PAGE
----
Commodities Broker Refco Files for Bankruptcy
NEW YORK – Refco Inc. (RFX) filed for bankruptcy and agreed to sell its core futures brokerage unit to an investor group for $768 million, a key step to help rescue the embattled commodities and futures brokerage from collapse.
The developments late on Monday followed a week in which customers pulled assets out of the New York-based firm after Chief Executive Phillip Bennett (search) was charged with securities fraud. He is accused of hiding $430 million owed to Refco by a company he controlled.
Refco agreed to sell its main futures brokerage unit to a group led by private equity fund J.C. Flowers & Co. LLC, which is run by former Goldman Sachs (GS) partner Christopher Flowers.
"Those businesses are solvent and the customers' assets are safe," Flowers said in a CNBC interview on Tuesday. "We have an option to buy the rest of it and we're very keenly interested in seeing if we can resuscitate all of Refco's business."
He added, "The entities that we're involved in are solvent and the bankruptcy court helps to alleviate the risk."
None of Refco's regulated subsidiaries -- including Refco Overseas Ltd., Refco Singapore Ltd, and its broker-dealer, Refco Securities LLC -- filed for bankruptcy protection, the company said in a news release.
Refco's Capital Markets group, an unregulated business that handles over-the-counter trading of derivatives and other securities, is not mentioned in Monday's press release. The fate of the business, which halted activity and froze accounts last week, remains unclear.
While a stream of Refco customers have bailed out of its accounts, other customers have remained loyal.
"It's pretty much business as usual," said Ken Hughes, commodities senior market strategist at Refco private client group in Chicago. "Most of our clients have been quite loyal to us. I've had a few clients take some money out, but the majority have stayed with us."
The New York Stock Exchange on Tuesday said it would delist Refco shares, which were suspended from trading last Thursday after plummeting 72 percent in four days to $7.90.
"In light of all the circumstances involving the company, the NYSE has determined that the company's common stock is no longer suitable for continued listing on the NYSE," the exchange said in a statement.
J.C. Flowers' investor group includes financial services investment firm Enstar Group Inc. (ESGR) -- of which Flowers is the major shareholder -- Silver Point Capital, MatlinPatterson Global Advisers LLC and Texas Pacific Group.
But the sale of the unit is far from sealed, with J.C. Flowers acknowledging there was no assurance a deal would be reached.
Dubai Investments, an investment arm of the Dubai government, has hired Blackstone Group to advise it on a potential $1 billion acquisition of the entire company, a source close to the matter said on Tuesday.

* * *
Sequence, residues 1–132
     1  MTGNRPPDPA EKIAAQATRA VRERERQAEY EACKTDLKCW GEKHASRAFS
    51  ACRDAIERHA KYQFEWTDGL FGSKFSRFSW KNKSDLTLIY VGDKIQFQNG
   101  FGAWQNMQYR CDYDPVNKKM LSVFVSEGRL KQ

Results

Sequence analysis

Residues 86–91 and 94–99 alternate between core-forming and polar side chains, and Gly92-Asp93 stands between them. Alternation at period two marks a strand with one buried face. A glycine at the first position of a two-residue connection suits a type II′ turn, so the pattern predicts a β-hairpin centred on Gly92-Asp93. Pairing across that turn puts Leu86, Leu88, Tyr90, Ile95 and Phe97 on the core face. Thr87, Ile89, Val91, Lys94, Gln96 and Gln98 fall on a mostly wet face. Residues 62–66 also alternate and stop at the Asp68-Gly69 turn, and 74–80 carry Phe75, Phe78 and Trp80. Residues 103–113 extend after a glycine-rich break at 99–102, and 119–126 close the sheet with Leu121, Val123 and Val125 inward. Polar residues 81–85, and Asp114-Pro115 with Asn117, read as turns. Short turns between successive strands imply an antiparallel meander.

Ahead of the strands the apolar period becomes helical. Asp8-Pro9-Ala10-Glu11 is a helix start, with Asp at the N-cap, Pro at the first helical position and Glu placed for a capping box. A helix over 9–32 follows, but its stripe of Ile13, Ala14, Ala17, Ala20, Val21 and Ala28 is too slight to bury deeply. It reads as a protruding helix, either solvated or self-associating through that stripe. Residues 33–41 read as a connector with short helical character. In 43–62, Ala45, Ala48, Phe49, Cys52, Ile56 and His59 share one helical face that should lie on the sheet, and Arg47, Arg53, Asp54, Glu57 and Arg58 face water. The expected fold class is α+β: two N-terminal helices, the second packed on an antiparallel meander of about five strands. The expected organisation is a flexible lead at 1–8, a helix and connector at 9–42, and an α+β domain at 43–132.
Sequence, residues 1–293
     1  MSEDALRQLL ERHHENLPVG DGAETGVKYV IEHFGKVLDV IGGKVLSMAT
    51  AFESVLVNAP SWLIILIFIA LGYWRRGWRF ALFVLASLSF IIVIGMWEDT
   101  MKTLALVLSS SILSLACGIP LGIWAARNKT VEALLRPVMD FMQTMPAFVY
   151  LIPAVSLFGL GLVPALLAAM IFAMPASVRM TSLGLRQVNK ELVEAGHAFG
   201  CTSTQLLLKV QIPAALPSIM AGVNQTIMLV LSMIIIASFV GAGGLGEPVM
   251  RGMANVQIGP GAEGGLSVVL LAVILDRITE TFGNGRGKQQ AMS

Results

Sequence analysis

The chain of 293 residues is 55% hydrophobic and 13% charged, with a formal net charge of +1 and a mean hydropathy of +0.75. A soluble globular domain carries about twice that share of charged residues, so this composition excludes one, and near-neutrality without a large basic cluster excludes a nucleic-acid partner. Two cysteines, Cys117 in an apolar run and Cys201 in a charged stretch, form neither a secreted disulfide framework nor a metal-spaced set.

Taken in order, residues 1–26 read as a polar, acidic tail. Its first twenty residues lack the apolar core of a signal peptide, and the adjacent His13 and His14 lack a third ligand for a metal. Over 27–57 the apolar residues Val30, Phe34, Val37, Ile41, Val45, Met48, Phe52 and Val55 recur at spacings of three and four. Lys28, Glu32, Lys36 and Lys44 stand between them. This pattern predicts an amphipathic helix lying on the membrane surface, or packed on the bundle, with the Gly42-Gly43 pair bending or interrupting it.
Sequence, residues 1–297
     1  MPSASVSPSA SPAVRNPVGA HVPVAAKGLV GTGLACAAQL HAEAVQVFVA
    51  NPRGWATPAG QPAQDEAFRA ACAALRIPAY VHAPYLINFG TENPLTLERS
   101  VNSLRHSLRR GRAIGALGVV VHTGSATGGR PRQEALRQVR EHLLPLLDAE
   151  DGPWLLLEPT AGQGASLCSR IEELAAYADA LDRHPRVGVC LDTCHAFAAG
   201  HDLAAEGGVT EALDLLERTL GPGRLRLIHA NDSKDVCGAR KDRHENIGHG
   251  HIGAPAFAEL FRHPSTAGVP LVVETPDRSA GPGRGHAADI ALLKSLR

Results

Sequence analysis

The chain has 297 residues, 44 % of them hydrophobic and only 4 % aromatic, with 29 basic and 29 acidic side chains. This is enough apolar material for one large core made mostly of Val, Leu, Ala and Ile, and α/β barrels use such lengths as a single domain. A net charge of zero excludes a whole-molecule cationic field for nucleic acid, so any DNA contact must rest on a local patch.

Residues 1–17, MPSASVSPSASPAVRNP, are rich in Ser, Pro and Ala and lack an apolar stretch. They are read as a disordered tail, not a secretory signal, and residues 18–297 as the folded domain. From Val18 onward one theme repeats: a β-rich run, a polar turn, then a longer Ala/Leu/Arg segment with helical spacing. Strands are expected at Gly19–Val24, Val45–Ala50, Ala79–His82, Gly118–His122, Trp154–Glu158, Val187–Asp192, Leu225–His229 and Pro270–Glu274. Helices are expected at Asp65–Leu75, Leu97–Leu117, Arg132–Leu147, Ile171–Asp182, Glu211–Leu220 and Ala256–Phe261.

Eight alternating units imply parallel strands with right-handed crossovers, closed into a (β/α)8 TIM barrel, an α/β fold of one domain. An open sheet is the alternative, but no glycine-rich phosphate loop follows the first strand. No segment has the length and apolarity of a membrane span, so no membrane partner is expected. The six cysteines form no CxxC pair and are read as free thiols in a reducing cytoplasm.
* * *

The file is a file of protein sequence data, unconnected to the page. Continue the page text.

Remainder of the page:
The firm's downfall has triggered a rush from its rivals to pick up its business, with Interactive Brokers LLC on Tuesday taking out a full-page advertisement in the Wall Street Journal saying it was ready to accept account transfers from Refco.
Refco said it expected the bankruptcy court would establish procedures for the submission of competing proposals, although it did not specify which assets it was referring to.
Before its recent troubles, Refco was one of the biggest market makers for commodities and financial futures, allowing funds and companies to trade contracts on commodities, bonds and currencies.
Under the terms of the preliminary agreement with J.C. Flowers, Refco will have an option to keep up to 20 percent of the equity value of the entities being sold. The company said it expected to reach definitive agreements shortly, but that there was no assurance a sale would take place.
Mark Winkelman, formerly head of Goldman Sachs' J. Aron & Co. commodities business and co-head of Goldman's fixed-income division, will serve as chairman of Refco LLC, Refco said.
In response to a question about customers fleeing Refco, Winkelman said on CNBC, "Our intention to continue with the business going forward will stem that flow, we hope, very soon, if not immediately."
Flowers left Goldman in 1998 to form a financial services buyout fund, which currently manages about $1 billion. The firm acquired and turned around a troubled Japanese bank, Long-Term Credit Bank, which was renamed Shinsei Bank and launched an IPO in Tokyo last year.
With Flowers as lead investor and Winkelman as chairman, Goldman's presence remains heavy within the company. The investment bank served both as an underwriter for Refco's initial public offering and as its financial adviser after Bennett was suspended and the stock collapsed.
Refco also hired Greenhill & Co. (GHL) last week to assist with advisory work. Refco said Greenhill would remain while Goldman ended its advisory services after the bankruptcy filing.